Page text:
ABOUT UNDERGROUND WRITING
The print zine scene of the 1990’s became embodied in the Underground Literary Alliance during the decade of the 2000’s. Many of the best zine writers at one time or another were in our ranks. In his essay on the ULA, Tom Bissell, defender of status quo writing, reveals his unbridgeable differences, artistically and philosophically, with that style of writing.
ORDER OR CHAOS?
In his essay, Tom Bissell gives the game away about the obsessiveness of his “Big Six” publishing training when, with a fragment of my own zine writing—of which Bissell apparently approves—he compulsively adds commas to it. As a writer he reveals himself to be compulsively uptight.
Like all writers today, Tom Bissell follows the rules of the Chicago Style Manual. To not follow the rules is unthinkable. Leading publications like The New Yorker, Vanity Fair, New York Times, et.al. require well-regulated writers for a well-regulated readership. Dictionaries and style manuals enforce rigid consistency in letters. As much as system writers laud the memory of the Beats, in no way would they try to be like them in their writing. Nor in lifestyle, come to think of it. To achieve in this hyper-competitive society requires a well-regulated personality.
Consistency in letters wasn’t always the norm. In the time of Shakespeare/Shakspere—who varied even the spelling of his own name—literary chaos reigned.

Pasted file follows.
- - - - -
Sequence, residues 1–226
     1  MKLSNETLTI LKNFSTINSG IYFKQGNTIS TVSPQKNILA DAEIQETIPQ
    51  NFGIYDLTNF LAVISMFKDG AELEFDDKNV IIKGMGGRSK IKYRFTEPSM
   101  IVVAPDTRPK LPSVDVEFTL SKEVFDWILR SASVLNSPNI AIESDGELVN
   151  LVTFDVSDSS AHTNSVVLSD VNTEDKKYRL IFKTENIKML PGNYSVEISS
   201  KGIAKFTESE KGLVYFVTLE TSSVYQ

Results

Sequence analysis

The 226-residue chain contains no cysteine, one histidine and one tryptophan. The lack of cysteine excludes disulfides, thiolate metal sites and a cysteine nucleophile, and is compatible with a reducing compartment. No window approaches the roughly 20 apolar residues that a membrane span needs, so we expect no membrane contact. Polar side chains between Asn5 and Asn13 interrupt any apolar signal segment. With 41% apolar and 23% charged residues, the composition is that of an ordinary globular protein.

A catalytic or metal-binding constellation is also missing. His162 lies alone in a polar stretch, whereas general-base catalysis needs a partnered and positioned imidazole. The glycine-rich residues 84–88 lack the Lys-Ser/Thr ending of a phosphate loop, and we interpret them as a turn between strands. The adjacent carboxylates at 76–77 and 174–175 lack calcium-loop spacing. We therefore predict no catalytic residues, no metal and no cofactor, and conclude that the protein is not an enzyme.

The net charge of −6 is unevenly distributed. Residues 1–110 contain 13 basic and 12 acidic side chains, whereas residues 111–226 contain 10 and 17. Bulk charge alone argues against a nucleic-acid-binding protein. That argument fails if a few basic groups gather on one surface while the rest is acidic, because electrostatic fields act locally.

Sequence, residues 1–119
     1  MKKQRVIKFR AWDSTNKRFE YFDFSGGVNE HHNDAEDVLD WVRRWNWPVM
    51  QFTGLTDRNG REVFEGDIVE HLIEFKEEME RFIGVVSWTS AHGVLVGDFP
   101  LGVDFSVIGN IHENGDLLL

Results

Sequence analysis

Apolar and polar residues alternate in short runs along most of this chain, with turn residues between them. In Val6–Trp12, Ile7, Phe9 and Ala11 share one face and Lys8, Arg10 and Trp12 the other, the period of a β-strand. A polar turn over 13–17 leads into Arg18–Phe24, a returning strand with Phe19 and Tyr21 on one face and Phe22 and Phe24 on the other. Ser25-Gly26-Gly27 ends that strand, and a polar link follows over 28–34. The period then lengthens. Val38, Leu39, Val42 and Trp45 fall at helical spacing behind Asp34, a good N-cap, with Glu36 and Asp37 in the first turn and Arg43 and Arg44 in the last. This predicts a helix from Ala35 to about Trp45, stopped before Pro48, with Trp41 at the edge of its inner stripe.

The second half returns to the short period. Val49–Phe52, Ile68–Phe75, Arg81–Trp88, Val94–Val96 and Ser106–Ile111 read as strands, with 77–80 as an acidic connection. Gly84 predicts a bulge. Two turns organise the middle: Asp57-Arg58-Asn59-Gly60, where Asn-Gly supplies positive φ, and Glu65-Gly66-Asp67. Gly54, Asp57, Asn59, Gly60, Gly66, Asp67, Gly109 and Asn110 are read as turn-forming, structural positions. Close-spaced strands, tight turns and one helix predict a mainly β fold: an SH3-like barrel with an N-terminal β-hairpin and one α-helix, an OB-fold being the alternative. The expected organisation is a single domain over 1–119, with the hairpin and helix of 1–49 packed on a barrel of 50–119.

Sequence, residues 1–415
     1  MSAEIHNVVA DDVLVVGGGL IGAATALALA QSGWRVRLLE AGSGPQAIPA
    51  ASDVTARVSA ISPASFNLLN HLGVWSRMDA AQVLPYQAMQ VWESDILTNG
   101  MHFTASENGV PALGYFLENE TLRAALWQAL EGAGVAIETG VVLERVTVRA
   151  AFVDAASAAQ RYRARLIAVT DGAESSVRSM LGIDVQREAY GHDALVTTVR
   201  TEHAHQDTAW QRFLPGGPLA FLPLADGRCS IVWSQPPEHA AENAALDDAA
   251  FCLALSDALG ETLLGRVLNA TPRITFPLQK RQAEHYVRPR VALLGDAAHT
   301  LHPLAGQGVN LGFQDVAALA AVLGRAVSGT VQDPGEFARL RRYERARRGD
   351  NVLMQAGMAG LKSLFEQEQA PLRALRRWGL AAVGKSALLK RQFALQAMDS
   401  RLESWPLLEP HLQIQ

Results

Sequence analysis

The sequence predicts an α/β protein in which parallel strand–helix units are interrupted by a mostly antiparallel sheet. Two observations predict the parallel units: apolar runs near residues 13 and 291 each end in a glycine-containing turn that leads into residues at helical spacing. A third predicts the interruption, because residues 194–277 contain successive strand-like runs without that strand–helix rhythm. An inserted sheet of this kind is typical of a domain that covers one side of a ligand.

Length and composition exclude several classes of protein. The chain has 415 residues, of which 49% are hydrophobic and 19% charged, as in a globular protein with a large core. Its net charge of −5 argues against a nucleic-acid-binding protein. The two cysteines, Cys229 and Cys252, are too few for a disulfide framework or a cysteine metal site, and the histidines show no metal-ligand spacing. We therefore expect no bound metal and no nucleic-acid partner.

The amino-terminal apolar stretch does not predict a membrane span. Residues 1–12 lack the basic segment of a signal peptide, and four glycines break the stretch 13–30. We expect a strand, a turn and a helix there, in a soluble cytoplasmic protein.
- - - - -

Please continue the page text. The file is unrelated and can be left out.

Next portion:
We live today in an advanced civilization. Order is required. Every year sees increased regulation and order. Over every aspect of life. If cameras are placed on every street corner, there need to be intellectual cameras watching over our writing.
But what do you do with a genre of writing that intentionally breaks the rules and goes outside the bounds of any style manual?
The Underground Literary Alliance recruited writers of any age and from every conceivable corner of the country, job, belief, and lifestyle. We even had a token Ivy Leaguer in our ranks. We presented roots writing—the chaotic sound of American life. American culture has forever been renewed by the underground streams of roots artists.
The best recent example is the rise of rock n’ roll music. In the 1950’s, American roots music, performed by lower class musicians, urban blacks to rural hillbillies, sounded crude and alien to the ears of the classically trained. Controlled precision was the norm. The young college set didn’t accept and adopt rock music until the success of Bob Dylan and the Beatles in 1964-65, ten years after Elvis cut his first record. Roots music had been around much longer.
Roots writing has been around at least since Davy Crockett’s time. Print zines were and remain America’s great literary subculture.
Roots writing is not tops-down official literature approved and imposed from on high, but from the people up. Literature from outside the well-regulated monolith. In 2003 it looked and sounded alien to Tom Bissell, former W.W. Norton editor. The print zinesters he encountered were unapproved. To me, that was their appeal.